While high-end vaporizers are relatively novel, references to the vaporization of cannabis date back at least as far as the 5th century B.C. Greek writer Herodotus described a plant cultivated by the Scythians that they threw upon red hot stones within a closed room, producing a vapor. Herodotus humbly noted that the Scythian vapor bath produced an effect “…that no Grecian vapor-bath can surpass. The Scythians, transported with the vapor, shout aloud.”
In 1989, a self-purported U.S. government employee who identified himself simply as “Dr. Lunglife” provided a manuscript to High Times in New York City. The paper detailed the process for building a basic vaporization machine from parts purchased at a local RadioShack electronics store (see Vaporizing THC Oil: An Alternative to Smoking Marijuana in the May 1989 issue of High Times).
In 1994, at the 7th Cannabis Cup in Amsterdam, Sensi Seed Bank employee “Eagle Bill” demonstrated what is believed to be the first temperature controllable heat gun version of a vaporizer. Using only trim leaves and bottom-of-the-plant buds, Eagle Bill wowed passers-by with a clean, powerful high. Shortly thereafter, commercial vaporization units began to trickle onto the market.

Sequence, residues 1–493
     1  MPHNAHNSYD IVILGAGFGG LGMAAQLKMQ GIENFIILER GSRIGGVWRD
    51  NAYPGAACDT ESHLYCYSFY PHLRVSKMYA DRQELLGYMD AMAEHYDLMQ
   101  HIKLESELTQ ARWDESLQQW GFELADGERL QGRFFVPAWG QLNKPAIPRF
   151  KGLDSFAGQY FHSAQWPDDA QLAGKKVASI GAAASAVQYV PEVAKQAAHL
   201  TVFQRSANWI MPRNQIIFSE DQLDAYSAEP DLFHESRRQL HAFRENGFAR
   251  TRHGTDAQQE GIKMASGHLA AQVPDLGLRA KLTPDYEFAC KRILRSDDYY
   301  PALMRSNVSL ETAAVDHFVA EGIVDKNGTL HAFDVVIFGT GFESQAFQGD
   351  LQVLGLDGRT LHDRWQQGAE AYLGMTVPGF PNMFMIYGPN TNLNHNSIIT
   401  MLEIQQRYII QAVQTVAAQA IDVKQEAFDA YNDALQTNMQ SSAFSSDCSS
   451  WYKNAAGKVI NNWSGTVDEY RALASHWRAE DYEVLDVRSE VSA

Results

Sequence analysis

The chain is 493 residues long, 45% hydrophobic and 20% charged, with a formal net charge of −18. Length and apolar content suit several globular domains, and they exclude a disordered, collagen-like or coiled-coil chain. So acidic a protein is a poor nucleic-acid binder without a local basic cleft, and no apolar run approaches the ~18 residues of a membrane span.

Objectively, vaporization provides many of the “convenience” advantages of smoking while avoiding most of the—albeit controversial—health risks associated with the burning of cannabis leaves and flowers. It offers rapid onset (a characteristic of smoking, but not eating) and very efficient extraction and utilization of cannabinoids (clearly superior to smoking).
This greater efficiency means that vaporization sings a siren song not heard on the island of smoking: More for your money. High-quality vaporization simply stretching one’s medicine supply. In a world where the price of cannabis often competes with that of gold—and the most ill are typically those with the least financial power—this is a tremendous advantage (especially for patients consuming high volumes).
Vaporization allows most patients to consume 50-75 percent of what they typically would smoke to produce the same effect. For those who are chronic smokers, this can result in significant savings over a period of only one or two years.